The community can enjoy vocal and instrumental jazz music when Gahanna Lincoln High School’s chorale and Jazz Band I collaborate for a free public concert at 7:30 p.m. Tuesday, Feb. 4, in the school auditorium, 140 S. Hamilton Road.

“Our students are very enthusiastic about the opportunity to perform with a full jazz band,” said Jeremy Lahman, vocal-music director. “It’s an opportunity that some students never get the chance to be part of and an experience that they will never forget.”

The chorale features 28 singers from the 11th and 12th grades, typically singing musical theater, classic pop and jazz, Lahman said.

He said chorale members are musical ambassadors for the choral music department, performing around the community and at the elementary and middle schools in the Gahann-Jefferson school district.

“The jazz style requires different singing techniques and tone than we use for musical theater or pop, and it allows us to explore different styles of music than we are used to,” said Trinity Nhem, a senior.

“Singing jazz has provided us with a unique challenge and every day is exciting to explore more of our voice,” said Cami Weldon, a junior. “In the end, it will be totally worth it, and we’re more well-rounded musicians because of it.”

The group will perform such favorites as “Autumn Leaves,” “I’ve Got My Love to Keep Me Warm” and, as recorded by Nat King Cole and written by Bobby Troup, the blues tune “Route 66.”

Kelly Shellhammer, director of the jazz band, said the concert would include performances by Jazz Band 1 and the chorale separately and combined. The school also has a second jazz band, she said.

“Our first collaboration was a great success, so we decided to join forces again,” Shellhammer said.

The 24 students in Jazz Band 1 are selected by audition and include seniors, juniors and sophomores.

“Jazz (Band) 1 will be performing some of the pieces they performed on Jan. 18 at the Purdue University Jazz Festival, a regional festival that hosted 100 groups,” Shellhammer said. “It was our first time traveling to a jazz festival out of state and it was a tremendous opportunity for our students to hear professional, college and other high school musicians.”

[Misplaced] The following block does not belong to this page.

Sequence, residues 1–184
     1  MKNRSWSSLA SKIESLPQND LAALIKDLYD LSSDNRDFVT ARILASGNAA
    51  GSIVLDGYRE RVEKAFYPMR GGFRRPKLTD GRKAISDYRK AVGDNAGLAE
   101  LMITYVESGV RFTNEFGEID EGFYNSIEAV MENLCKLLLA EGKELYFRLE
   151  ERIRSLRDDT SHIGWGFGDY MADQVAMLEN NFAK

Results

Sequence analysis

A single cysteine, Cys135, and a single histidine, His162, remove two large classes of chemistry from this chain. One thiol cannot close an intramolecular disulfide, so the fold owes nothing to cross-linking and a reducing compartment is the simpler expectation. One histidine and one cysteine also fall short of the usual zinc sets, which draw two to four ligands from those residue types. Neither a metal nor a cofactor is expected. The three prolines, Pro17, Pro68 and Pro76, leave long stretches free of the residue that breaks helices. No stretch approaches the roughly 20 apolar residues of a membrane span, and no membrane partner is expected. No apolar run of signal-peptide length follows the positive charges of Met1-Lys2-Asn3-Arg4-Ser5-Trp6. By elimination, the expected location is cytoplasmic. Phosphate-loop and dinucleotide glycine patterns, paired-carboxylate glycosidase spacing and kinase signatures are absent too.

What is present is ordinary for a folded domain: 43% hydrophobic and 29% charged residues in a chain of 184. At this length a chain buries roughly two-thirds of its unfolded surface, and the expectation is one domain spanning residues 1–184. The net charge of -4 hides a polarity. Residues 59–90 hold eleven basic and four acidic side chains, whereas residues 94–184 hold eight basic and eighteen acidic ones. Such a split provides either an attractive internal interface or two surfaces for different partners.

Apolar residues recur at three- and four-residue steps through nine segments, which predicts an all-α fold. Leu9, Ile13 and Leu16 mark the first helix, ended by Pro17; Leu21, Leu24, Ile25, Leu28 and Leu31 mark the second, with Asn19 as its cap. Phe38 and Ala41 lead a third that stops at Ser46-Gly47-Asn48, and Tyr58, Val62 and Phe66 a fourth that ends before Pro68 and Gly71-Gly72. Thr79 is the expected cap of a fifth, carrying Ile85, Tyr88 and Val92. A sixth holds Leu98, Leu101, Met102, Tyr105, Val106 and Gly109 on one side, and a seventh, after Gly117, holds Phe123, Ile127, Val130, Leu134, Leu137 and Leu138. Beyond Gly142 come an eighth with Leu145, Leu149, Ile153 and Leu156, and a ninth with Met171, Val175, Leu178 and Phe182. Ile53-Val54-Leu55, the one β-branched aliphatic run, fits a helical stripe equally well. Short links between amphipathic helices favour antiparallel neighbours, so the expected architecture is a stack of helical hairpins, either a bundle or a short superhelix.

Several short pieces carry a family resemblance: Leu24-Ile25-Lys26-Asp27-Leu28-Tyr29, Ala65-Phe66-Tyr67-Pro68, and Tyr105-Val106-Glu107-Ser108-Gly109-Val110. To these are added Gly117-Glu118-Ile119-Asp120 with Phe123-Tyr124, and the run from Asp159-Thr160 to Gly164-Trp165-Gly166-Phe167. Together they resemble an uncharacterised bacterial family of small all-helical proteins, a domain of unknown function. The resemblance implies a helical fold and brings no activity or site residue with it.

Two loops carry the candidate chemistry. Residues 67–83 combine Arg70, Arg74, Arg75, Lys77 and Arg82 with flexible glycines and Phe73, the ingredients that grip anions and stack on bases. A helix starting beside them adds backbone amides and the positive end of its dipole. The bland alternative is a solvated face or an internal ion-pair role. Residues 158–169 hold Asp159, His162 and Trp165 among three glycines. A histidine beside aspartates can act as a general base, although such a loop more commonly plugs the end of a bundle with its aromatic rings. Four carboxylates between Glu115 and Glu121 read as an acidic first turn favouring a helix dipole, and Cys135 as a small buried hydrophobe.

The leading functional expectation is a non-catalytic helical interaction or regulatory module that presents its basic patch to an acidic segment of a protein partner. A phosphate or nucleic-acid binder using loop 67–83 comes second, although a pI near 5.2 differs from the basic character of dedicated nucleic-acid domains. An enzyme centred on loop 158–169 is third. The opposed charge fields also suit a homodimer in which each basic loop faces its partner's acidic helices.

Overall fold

Both of the high school jazz bands as well as a student-led combo performed at the Purdue Festival.

The combo, called “The Cool Men,” includes members of both jazz bands.

The program it presented at Purdue included an original composition the group titled “The Fönky Chönky.”

The adjudicators of the combo were impressed by the group’s musical cohesiveness and the enjoyment the young musicians, as well as the audience, experienced as they performed, according to Shellhammer.

The combined jazz band and chorale will perform standard swing tunes such as Glenn Miller’s” Chattanooga Choo-Choo,” a version of the ballad “Here’s that Rainy Day,” and “I Can’t Believe that You’re in Love with Me.”

Jazz Band 1 will feature multiple soloists on a Latin-styled selection, “Red Hot,” and a funk piece, “Sneaky Pete.”

Senior pianist Emily Miller, drummer Isaiah Rowe, senior trumpet player Ephraim Baturin, and senior trombone player Blake Teegartin are all members of both Jazz Band 1 and chorale.

“We have a remarkable number of musically talented students at Lincoln High School,” Shellhammer said. “This is a unique opportunity to bring a small number of them together to present a performance of America’s music, jazz, for our community.”

Lahman said the chorale meets as a class each day and rehearses choreography on Monday evenings.

During the course of the year, he said, participants focus on class AA concert choir selections for Ohio Music Education Association district- and state-adjudicated events, and often do one large work combined with the school’s orchestra each year.

Lahman said the chorale students are excited to collaborate with the jazz band and embark on a journey that explores several decades of jazz.

“This is such a wonderful opportunity for our vocal music students to learn about a style of music that they may not have otherwise had the chance to explore,” he said. “Performances like this give students a chance to interact with jazz music in a way that is far more impactful than academic study.”

“Both the band and the choir have been working diligently these past two weeks to prepare for this performance,” said Ephraim Baturin, a senior. “I am incredibly proud of both groups, each exhibiting selfless dedication to the performing arts, and I’m so excited to show the final performance to the community.”